Artists who identify as Two-Spirit, Queer, Transgender, Nonbinary, Women, Disabled, Parents are highly encouraged to apply!

Hummingbird Indigenous Family Services Mission and Vision

Healthy Indigenous babies being born into healthy Indigenous families being supported by healthy Indigenous communities.

At Hummingbird Indigenous Family Services (HIFS), we believe that attachment and culture are the foundations of healthy communities and that through rematriation we can heal historical trauma.

Through culturally relevant support during the perinatal period, we reduce the personal, cultural, and systemic barriers that disproportionately affect Indigenous parents while strengthening the bond between parents and connections to the community.

The Nest is a guaranteed income pilot that launched in July 2023. It provides no-strings-attached monthly payments to 150 Indigenous pregnant people until their child’s third birthday.

We believe that Indigenous mamas are enough and they deserve to honor their reproductive destinies, support their community, and raise their children in healthy and thriving environments. Through the Hummingbird Nest, we believe we can support our families in achieving this vision. Every person deserves to live with dignity and have their basic needs met.

The Storytelling Project was developed alongside the Nest to create strategic narratives on the benefits of guaranteed income as a race equity practice, on the inherent dignity and value of Indigenous parenting, and to support policy change and local, state, and National levels.

“I feel like when we look back, we're rooted in connection. We have our village. And I think that's something that if we build on that, bringing that back like actually having a village because I feel like a lot of people are like, oh, I need to be able to do this on my own.”

Community Member & Mama

Who can apply for the Artist Residency?
  • Indigenous Artists who identify as: Native American/Alaska Native, Native Hawaiian, Pacific Islander, Indigenous to Turtle Island (North America)Indigenous wealth is about decolonizing and revitalizing what it means to be healthy and live in abundance. 
  • Solo Artists or Artist Groups/Collectives Solo artists or artist groups can apply, one will be selected & awarded each yearMost Indigenous languages do not have a word for "wealth." Instead, they have words that convey living reciprocally, focusing on health, and being a good relative.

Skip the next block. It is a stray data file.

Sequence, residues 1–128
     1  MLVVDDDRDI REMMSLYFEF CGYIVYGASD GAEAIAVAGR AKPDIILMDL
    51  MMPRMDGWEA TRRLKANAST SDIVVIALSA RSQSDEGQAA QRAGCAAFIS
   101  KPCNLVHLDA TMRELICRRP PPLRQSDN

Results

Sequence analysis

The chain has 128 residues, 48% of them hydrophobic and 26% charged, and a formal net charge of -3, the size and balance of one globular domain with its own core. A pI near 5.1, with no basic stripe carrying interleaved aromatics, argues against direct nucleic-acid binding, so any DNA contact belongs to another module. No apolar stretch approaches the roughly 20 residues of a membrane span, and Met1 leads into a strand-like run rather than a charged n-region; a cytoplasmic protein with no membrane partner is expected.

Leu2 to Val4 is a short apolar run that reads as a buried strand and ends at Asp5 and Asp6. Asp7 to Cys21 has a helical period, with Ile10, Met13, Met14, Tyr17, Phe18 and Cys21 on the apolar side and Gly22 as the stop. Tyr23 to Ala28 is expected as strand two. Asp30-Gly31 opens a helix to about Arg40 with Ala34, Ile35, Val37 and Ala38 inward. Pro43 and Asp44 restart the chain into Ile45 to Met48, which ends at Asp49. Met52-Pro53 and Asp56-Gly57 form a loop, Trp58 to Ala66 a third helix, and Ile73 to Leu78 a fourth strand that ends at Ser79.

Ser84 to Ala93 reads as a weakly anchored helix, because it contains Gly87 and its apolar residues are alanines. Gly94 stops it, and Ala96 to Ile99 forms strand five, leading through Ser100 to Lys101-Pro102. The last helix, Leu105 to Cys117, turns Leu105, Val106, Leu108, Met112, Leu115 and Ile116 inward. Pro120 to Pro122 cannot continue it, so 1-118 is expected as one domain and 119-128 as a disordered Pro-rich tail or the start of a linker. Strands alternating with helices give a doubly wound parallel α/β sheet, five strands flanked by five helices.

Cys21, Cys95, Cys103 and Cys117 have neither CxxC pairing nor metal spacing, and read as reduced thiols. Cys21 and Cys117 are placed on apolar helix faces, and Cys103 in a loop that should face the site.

• Artists across disciplines: Interdisciplinary & Multimedia Artists Indigenous wealth is shared: when we have access to shared wealth, we can restore the health of our communities and nations.
  • WA Residents: We are prioritizing Indigenous artists who reside in areas that we serve: Pierce County, King County & Tulalip Reservation. *Open to other Washington Residents if able to travel to areas we serveIndigenous wealth building creates spaces where Indigenous people have access to their language, lifeways, spirituality, and ceremonies.
  • Adults 18 and older.
Is there a certain age limit to apply?

Applicants must be 18 and older to apply.

How many artists are awarded per year?

One artist or one artist group/collective.

How long is the residency?

3 months. For 2024, it will take place January through March 2024

Will the residency take place in a physical space or studio?

No. We do not have a physical space or studio for artists to work or stay in, however up to 60% of the award may be used for for living expenses and 40% for artists labor, materials, residency workshops (including participant costs, food, childcare, etc), studio space, etc.

Hummingbird IFS also has access to community spaces that artists can use and has a small budget that can contribute to workshop and participant costs.

What is the role of the artist in residence?

The artist in residence will create art, workshops and work with families our organization serves. The artist in residence will lead 3 monthly workshops with the families through the Nest Guaranteed Income Program. They will also create 1-2 pieces of art during the residency.  The art and family workshops must align with traditional cultural values on pregnancy and parenting and Hummingbird’s Mission and Vision. The artist in residence will receive support and guidance from our Storytelling Manager.


Indigenous Artists who identify as: Native American/Alaska Native, Native Hawaiian, Pacific Islander, Indigenous to Turtle Island (North America)
Solo Artists or Artist Groups/Collectives Solo artists or artist groups can apply, one will be selected & awarded each year
Artists across disciplines: Interdisciplinary & Multimedia Artists Living in: King County, Pierce County, or the Tulalip Reservation
WA Residents: We are prioritizing Indigenous artists who reside in areas that we serve: Pierce County, King County & Tulalip Reservation.

*Open to other Washington Residents if able to travel to areas we serve

Interested in Applying?

Our Application is Now Closed until Fall 2024


Contact our Storytelling Manager:

Learn more about Såhi here.